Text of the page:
Advancing Validity in Outcome Evaluation: Theory and Practice: New Directions for Evaluation, Number 130
July 2011, Jossey-Bass
Editors Huey T. Chen, Stewart I. Donaldson and Melvin M. Mark provide a historical overview of the Campbellian typology adoption, contributions and criticism. Contributing authors propose strategies in developing a new perspective of validity typology for advancing validity in program evaluation including
- Enhance External Validity
- Enhance Precision by Reclassifying the Campbellian Typology
- Expand the Scope of the Typology
The volume concludes with William R. Shadish's spirited rebuttal to earlier chapters. A collaborator with Don Campbell, Shadish provides a balance to the perspective of the issue with a clarification and defense of Campbell's work.
This is the 129th volume of the Jossey-Bass quarterly report series New Directions for Evaluation, an official publication of the American Evaluation Association.
1. Validity Frameworks for Outcome Evaluation (Huey T.
Chen, Stewart I. Donaldson, Melvin M. Mark)
This chapter discusses the concept of validity as it applies to outcome evaluation and the contributions of the Campbellian validity typology, as well as related criticisms, and overviews the issue.
2. What Works for Whom, Where, Why, for What, and When? Using
Evaluation Evidence to Take Action in Local Contexts (John
Gargani, Stewart I. Donaldson)
After discussing limits of the Campbellian tradition regarding external validity, this chapter argues that the external validity of an evaluation could be enhanced by better addressing issues about what works for whom, where, why, for what, and when.
3. New (and Old) Directions for Validity Concerning
Generalizability (Melvin M. Mark)
This chapter reviews several alternative framings of generalizability issues and provides potentially fruitful directions for enhancing external validity in outcome evaluation.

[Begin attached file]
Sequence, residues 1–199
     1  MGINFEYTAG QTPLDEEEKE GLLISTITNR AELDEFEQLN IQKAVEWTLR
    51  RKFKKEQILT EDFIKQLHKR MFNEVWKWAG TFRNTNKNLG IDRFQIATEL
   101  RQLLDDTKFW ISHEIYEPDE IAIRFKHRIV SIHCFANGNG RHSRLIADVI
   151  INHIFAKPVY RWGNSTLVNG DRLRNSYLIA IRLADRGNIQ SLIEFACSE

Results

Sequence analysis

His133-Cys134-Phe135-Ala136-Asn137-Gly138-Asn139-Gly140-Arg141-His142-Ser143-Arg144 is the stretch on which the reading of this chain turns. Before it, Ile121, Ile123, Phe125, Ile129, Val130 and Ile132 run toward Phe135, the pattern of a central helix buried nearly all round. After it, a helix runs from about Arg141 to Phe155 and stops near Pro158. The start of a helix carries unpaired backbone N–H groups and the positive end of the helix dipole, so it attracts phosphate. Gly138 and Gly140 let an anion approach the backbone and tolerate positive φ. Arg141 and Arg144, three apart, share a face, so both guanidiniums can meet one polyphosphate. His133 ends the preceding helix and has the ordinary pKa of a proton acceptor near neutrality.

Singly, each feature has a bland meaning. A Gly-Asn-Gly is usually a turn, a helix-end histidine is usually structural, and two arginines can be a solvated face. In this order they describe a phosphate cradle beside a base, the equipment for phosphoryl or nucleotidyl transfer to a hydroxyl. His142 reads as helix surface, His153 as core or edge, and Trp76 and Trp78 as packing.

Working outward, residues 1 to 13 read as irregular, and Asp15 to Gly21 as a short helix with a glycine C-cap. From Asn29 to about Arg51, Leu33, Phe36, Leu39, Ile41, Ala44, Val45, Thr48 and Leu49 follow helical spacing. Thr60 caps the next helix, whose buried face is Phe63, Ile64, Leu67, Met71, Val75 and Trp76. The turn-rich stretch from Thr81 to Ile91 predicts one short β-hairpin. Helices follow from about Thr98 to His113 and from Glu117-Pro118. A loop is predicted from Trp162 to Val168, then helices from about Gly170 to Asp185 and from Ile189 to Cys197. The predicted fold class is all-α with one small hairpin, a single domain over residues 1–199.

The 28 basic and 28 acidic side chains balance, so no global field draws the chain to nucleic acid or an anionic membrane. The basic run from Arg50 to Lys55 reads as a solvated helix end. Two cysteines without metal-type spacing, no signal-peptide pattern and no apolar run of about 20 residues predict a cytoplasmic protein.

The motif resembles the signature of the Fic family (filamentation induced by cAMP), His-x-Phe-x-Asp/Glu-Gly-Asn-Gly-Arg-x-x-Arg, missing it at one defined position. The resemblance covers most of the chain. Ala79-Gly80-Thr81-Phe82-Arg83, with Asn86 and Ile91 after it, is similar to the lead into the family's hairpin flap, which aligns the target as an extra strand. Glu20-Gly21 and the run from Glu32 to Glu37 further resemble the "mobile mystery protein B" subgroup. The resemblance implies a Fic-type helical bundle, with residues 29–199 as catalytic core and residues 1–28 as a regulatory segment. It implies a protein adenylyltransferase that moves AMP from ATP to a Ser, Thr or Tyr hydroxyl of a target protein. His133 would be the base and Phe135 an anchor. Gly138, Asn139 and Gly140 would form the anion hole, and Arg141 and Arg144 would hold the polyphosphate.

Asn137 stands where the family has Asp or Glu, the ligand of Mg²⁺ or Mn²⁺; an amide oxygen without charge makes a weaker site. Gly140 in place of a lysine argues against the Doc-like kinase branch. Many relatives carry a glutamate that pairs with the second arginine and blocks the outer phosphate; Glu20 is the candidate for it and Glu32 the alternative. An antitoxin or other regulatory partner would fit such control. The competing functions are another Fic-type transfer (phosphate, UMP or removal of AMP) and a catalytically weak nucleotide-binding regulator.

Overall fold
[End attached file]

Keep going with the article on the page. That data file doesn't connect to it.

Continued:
4. Criticisms of and an Alternative to the Shadish, Cook, and
Campbell Validity Typology (Charles S. Reichardt)
This chapter presents four criticisms of the Shadish, Cook, and Campbell (2002) typology of validity. An alternative typology is proposed that avoids these criticisms.
5. Reframing Validity in Research and Evaluation: A
Multidimensional, Systematic Model of Valid Inference
A validity framework is described with three dimensions—representation (construct validity), causal inference (internal and external validity), and valuation.
6. Conflict of Interest and Campbellian Validity
(Ernest R. House)
Problems related to bias due to researchers' intentional and unintentional manipulation are discussed, as are strategies for dealing with such problems and how they might be incorporated within the Campbellian validity tradition.
7. The Construct(ion) of Validity as Argument
(Jennifer C. Greene)
This chapter presents an interpretive/constructivist perspective on outcome evaluation and on the warrants for our outcome-evaluation conclusions. It underscores the importance of developing warrants through argumentation, in addition to selected empirical evidence.
8. Assessing Program Outcomes From the Bottom-Up Approach: An
Innovative Perspective to Outcome Evaluation (Huey T. Chen,
The authors argue that, to be stakeholder responsive, evaluation must apply an integrative validity model and a bottom-up approach to outcome evaluation to address both scientific and practical issues.
9. The Truth About Validity (William R.
This chapter discusses the contribution of the chapters in the issue, including the extent to which they offer something new and provide justified arguments, and considers how discussions of validity might contribute productively to evaluation theory and practice.